Melanie Swick (a.k.a. Survival Chick) grew up wanting to be a rocket scientist, but when she realized she that required way too much math, she took to her second dream—spending time in the wilderness. Today, when she's not hiking, camping, or hunting, she's blogging about it. You can connect with Melanie on Facebook.

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9 Comments

  • Austin says:

    I love your blog and all the information in it. Keep writing and i need to start practicing/ get in shape.

  • RobertBob says:

    On family hikes, my two boys usually end up becoming tired and not wanting to walk. I’m up to nearly 6 miles with both of them on me (with other gear.)

    • Jeremy Knauff says:

      Great job! It sounds like you’re doing the kind of parenting we used to see; pushing them to develop toughness and character. It’s a rarity these days.

    • John I. says:

      We started our son hiking in the Great Smoky Mountains when he was 5. Now he’s 7 and we just finished a section of the Appalachian Trail from Springer Mt., Ga. to Damascus, Va. He hiked all 470 miles, carrying his own gear. To bad we don’t see more families and young children out in the wilderness learning. Most parents (especially the young parents) would rather p,ay video games or use the TV as an “electronic babysitter.”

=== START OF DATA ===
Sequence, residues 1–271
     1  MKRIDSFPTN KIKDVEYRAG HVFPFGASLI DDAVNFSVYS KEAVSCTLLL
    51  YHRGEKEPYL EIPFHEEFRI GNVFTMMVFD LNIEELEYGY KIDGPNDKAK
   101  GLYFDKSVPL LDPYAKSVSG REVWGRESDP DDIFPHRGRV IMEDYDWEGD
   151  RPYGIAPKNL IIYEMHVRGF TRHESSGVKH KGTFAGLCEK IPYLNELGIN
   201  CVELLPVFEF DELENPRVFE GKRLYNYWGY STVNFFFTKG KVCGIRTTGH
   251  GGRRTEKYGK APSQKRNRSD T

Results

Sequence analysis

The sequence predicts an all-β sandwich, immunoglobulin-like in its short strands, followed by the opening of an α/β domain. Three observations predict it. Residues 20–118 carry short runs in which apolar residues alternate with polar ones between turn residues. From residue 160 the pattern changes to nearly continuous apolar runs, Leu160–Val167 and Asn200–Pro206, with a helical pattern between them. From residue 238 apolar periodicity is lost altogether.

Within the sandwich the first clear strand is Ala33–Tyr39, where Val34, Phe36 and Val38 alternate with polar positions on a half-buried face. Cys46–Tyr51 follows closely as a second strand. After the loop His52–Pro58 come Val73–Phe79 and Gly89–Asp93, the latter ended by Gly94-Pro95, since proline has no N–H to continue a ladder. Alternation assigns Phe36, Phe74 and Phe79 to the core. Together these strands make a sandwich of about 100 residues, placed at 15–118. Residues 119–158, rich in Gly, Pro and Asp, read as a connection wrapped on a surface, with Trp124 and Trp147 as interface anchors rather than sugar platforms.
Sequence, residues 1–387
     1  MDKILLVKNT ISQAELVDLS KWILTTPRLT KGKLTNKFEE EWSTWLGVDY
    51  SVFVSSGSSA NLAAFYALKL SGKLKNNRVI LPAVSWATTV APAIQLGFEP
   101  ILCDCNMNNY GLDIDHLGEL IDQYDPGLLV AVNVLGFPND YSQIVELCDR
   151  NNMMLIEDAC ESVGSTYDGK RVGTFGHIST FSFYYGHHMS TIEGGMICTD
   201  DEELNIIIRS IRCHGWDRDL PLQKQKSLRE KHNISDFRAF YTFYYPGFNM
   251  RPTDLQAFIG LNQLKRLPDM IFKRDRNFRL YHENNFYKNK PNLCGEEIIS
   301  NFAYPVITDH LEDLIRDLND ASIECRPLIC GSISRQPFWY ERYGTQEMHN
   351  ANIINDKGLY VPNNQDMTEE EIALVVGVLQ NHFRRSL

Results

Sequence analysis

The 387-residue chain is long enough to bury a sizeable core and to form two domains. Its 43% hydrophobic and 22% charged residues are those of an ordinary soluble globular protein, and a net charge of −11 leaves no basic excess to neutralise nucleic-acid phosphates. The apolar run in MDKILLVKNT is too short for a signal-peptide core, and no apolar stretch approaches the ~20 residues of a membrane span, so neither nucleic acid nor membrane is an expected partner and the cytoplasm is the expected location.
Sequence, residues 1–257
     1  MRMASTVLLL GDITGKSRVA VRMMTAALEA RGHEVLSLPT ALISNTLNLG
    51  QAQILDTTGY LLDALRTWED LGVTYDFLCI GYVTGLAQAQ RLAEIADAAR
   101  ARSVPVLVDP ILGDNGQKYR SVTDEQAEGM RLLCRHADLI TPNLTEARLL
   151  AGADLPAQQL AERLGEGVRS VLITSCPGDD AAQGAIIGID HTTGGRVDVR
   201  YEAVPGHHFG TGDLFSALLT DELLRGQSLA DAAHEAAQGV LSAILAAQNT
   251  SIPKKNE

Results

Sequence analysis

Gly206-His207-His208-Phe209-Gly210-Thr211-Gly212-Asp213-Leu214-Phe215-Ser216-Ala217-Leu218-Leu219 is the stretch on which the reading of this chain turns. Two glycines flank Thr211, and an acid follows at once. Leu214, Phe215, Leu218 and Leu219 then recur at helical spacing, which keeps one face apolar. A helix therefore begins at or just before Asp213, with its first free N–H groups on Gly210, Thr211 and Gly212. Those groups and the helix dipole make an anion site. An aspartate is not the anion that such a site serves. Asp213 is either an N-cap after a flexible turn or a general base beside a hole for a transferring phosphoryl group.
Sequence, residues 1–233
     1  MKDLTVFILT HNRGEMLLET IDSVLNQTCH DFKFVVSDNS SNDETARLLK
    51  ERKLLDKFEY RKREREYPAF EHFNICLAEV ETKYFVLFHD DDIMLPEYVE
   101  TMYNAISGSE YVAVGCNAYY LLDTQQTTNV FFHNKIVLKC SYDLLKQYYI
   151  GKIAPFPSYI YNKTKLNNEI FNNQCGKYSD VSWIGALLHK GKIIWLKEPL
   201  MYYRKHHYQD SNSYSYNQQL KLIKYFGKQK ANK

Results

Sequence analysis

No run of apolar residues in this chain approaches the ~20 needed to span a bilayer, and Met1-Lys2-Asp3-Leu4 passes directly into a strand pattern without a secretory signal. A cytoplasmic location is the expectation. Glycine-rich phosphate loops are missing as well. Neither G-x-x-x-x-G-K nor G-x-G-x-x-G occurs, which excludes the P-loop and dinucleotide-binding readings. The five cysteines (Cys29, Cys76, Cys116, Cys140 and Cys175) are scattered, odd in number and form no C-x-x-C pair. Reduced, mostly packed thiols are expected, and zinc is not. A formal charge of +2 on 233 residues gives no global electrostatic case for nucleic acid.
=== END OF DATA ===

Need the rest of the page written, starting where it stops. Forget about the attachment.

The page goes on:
• Kimberly says:

      We have three kids, two of them under 3. My 7 year old tends to run ahead of dad and me since we’re the ones who carry gear (though, she’ll be getting her own bag soon) but its difficult with our two toddlers…neither one like to get carried in a carrier, but both also like distractions and can’t hike. *sigh* I’m hoping that S-doesn’t-HTF before they can learn that distractions aren’t always good.

  • RTinDC says:

    Anybody with a belly as big as yers has little to tell me. Get in shape before you preach survival!

  • Rosalyn says:

    I’m 70 and have some health issues that I have had most of my life. I work around them as much as possible, but still do what I want or need to do to get by. I already have about 4 1/2 cord of firewood cut and stacked in my woodshed toward next winter, having just got through THIS winter a couple of weeks ago. I never cooked beef until after I got married, having lived in the mountains where my Dad was of the opinion if we didn’t grow it or shoot it, we didn’t eat. We raised cattle, but they were for profit and you don’t eat the profit. I still live that way, for the most part. People have a sad awakening coming, I’m afraid. I write about it and have been trying to get more information out there for the ones without a clue. Thank you for posting so many good informational articles. You are doing a Public Service, here.

  • Phred says:

    Lamentably, I do not see myself putting energy into training survival skills in light of the time needed to keep job, family and home running smoothly. The moral is, not everyone can survive. Certainly there are steps I take. I exercise, walk, and store food and fire wood. But any number of scenarios could force us to leave home. Be that as it may, even the survivors will eventually die, even if just of old age and any one of us could be on borrowed time right now. As dire as they may sound to the survivalist, I am at peace with it and that’s all that matters.